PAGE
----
The Nation



Kittiratt to meet EC on what measures may break election laws

Some economic stimulus measures may have to be scrapped, including the waiver of the diesel excise tax, if the Election Commission considers that they violate the election law by promoting the government.

"Most of the schemes were approved and I will discuss this with the EC to avoid delays," Finance Minister Kittiratt Na-Ranong said after the caretaker Cabinet meeting yesterday.

The hot topic was how to keep the economy humming through the next two months despite the political instability and drop in domestic demand.

Prime Minister Yingluck Shinawatra instructed Kittiratt to ensure that the economy runs smoothly and to encourage private investment amid the delays in public spending.

Government spokesman Teerat Ratanasevi said that when the Finance Ministry was occupied by protesters from November 25 to December 9, planned project procurements were delayed.

The Cabinet also worried that if the February 2 election does not go through, investor confidence may be impaired and that could spur further capital outflows.

Kittirat also instructed government agencies to carry on with their projects while preparing to hand them over so that there is a seamless transition when the new administration is sworn in.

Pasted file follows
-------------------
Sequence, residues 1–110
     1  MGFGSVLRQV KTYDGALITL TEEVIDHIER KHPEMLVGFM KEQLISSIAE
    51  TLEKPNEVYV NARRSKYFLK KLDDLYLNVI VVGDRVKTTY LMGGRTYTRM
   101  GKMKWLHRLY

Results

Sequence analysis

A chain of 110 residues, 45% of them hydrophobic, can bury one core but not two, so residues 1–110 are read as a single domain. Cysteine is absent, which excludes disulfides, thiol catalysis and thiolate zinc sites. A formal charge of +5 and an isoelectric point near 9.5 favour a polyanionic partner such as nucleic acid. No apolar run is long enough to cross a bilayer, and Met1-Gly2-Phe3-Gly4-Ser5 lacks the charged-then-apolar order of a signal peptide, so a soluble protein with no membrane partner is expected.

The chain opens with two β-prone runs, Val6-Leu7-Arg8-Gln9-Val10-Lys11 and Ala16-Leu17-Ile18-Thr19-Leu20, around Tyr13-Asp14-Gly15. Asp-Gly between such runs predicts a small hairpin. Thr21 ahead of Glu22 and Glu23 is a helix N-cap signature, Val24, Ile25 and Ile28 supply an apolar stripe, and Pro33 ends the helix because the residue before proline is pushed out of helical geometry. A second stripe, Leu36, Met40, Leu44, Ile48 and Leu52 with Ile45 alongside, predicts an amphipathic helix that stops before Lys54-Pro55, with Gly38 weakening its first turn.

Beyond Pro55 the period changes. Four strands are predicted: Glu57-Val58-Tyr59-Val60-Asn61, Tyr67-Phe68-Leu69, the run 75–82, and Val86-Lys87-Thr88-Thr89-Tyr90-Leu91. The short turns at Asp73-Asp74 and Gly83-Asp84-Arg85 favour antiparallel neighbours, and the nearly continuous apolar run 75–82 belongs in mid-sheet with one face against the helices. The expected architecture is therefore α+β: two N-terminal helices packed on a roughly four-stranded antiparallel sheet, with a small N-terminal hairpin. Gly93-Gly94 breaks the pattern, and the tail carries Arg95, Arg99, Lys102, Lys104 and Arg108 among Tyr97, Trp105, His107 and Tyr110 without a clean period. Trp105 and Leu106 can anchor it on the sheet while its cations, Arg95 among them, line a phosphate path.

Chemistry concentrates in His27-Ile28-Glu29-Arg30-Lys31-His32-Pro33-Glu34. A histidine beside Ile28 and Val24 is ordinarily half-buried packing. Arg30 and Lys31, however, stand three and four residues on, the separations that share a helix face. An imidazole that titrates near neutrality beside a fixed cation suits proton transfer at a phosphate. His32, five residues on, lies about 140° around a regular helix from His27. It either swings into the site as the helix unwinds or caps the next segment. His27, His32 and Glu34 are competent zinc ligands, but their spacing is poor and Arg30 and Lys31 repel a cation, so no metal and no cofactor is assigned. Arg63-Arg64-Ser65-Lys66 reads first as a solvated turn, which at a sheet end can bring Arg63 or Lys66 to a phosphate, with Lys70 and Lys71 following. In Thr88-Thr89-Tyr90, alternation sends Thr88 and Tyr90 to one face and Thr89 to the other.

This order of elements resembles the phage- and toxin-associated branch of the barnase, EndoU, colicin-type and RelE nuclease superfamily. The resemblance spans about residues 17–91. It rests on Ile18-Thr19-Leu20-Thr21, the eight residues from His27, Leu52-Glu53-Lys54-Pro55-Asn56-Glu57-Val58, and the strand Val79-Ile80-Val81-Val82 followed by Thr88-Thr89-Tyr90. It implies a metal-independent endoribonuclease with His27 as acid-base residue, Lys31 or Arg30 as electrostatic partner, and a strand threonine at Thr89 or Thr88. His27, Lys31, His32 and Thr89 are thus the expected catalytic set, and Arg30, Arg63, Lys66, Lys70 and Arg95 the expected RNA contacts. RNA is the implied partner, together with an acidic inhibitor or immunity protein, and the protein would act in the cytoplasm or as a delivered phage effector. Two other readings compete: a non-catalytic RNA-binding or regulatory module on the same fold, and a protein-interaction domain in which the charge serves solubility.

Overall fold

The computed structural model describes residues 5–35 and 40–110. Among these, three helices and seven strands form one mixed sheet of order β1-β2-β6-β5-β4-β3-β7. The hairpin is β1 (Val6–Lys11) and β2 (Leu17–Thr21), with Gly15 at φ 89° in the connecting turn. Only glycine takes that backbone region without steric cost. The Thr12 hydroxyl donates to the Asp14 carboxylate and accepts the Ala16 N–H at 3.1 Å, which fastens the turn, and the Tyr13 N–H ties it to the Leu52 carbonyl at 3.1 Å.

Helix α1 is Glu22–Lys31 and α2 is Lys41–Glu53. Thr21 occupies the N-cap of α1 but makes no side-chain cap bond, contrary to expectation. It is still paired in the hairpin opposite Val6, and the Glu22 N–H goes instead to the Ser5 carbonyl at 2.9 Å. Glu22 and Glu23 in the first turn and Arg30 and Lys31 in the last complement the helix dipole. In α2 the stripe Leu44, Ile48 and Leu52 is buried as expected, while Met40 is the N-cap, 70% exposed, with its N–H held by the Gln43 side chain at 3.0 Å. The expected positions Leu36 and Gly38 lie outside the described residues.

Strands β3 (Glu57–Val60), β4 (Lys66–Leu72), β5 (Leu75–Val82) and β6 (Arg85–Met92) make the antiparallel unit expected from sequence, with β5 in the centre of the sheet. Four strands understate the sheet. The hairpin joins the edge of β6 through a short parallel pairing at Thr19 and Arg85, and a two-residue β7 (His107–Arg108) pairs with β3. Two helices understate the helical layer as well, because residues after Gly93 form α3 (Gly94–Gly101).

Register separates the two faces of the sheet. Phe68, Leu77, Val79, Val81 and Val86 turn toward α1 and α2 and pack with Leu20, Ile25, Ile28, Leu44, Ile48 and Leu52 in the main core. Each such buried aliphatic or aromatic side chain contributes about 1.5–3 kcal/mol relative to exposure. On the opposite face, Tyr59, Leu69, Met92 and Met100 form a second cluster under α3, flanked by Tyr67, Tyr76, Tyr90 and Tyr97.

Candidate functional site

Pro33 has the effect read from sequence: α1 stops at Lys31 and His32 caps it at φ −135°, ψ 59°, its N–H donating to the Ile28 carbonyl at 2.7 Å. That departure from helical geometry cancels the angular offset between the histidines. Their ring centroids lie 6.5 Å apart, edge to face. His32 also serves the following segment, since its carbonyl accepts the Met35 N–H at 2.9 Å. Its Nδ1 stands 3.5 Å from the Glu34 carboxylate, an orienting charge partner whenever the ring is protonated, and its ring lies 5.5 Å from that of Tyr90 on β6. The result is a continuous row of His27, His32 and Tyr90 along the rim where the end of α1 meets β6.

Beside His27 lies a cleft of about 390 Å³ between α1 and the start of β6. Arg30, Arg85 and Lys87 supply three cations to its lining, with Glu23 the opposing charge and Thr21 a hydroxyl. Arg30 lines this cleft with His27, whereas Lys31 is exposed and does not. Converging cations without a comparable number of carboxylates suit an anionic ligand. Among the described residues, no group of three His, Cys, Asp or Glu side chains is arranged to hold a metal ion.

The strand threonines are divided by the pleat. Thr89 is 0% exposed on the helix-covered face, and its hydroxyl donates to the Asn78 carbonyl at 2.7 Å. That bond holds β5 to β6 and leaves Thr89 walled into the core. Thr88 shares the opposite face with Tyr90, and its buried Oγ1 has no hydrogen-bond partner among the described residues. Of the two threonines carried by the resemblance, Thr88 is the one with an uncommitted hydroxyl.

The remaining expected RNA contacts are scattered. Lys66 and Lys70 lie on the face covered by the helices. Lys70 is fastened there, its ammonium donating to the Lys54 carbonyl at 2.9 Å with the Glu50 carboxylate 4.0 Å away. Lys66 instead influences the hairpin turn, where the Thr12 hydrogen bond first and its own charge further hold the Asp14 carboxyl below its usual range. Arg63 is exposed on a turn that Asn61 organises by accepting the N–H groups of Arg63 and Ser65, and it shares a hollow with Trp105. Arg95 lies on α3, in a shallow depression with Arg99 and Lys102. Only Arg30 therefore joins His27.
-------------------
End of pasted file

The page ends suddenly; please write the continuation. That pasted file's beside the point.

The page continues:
To maintain the diesel pump price below Bt30 per litre, the Abhisit government in May 2011 waived the excise tax of Bt5.30 per litre as well as the value-added tax of 40 satang per litre.

The Yingluck government has been approving extensions of the waivers on a monthly basis. The latest extension will end this month.

Kittiratt sees the need to prolong the government's low interest loan programme for businesses in the troubled deep South, which would also end this month.

He reassured all farmers with rice-pledging certificates that they would receive their money from the government, but only for the main crop. The next government will have to decide if this would be extended to cover the second crop.

The subsidies to rubber farmers would also be paid. Out of the Bt21 billion budget, about Bt10 billion has not yet been paid out.

While ordering government agencies to do what they can to drive economic growth within legal limits, Yingluck also told the National Economic and Social Development Board to summarise political impacts on the economy for the Cabinet to consider at next week's meeting.

What could be affected

Diesel excise tax: Bt5.70/litre waiver ends this month

Soft loans to businesses in the deep South: package ends this month

Rice pledging: to cover the main crop only, ends in February

Subsidy to rubber growers: of Bt21 billion budget, payment of Bt11 billion pending.

Source: The Nation

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